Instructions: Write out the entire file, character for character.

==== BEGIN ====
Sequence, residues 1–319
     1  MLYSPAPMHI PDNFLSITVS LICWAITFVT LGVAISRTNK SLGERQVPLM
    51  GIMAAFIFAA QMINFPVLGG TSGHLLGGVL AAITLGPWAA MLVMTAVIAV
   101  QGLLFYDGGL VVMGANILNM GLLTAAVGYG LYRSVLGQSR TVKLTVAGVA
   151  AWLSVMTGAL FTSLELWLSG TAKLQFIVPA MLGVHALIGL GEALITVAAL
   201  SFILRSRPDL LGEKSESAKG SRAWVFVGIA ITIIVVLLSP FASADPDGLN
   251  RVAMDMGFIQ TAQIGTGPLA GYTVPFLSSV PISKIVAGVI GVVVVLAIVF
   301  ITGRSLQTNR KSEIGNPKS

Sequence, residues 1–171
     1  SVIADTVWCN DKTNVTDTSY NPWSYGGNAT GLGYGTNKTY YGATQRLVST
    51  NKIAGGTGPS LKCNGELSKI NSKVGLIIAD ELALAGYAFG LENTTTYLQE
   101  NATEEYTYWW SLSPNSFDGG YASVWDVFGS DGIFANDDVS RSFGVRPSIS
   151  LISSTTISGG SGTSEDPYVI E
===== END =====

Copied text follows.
Sequence, residues 1–319
     1  MLYSPAPMHI PDNFLSITVS LICWAITFVT LGVAISRTNK SLGERQVPLM
    51  GIMAAFIFAA QMINFPVLGG TSGHLLGGVL AAITLGPWAA MLVMTAVIAV
   101  QGLLFYDGGL VVMGANILNM GLLTAAVGYG LYRSVLGQSR TVKLTVAGVA
   151  AWLSVMTGAL FTSLELWLSG TAKLQFIVPA MLGVHALIGL GEALITVAAL
   201  SFILRSRPDL LGEKSESAKG SRAWVFVGIA ITIIVVLLSP FASADPDGLN
   251  RVAMDMGFIQ TAQIGTGPLA GYTVPFLSSV PISKIVAGVI GVVVVLAIVF
   301  ITGRSLQTNR KSEIGNPKS

Sequence, residues 1–171
     1  SVIADTVWCN DKTNVTDTSY NPWSYGGNAT GLGYGTNKTY YGATQRLVST
    51  NKIAGGTGPS LKCNGELSKI NSKVGLIIAD ELALAGYAFG LENTTTYLQE
   101  NATEEYTYWW SLSPNSFDGG YASVWDVFGS DGIFANDDVS RSFGVRPSIS
   151  LISSTTISGG SGTSEDPYVI E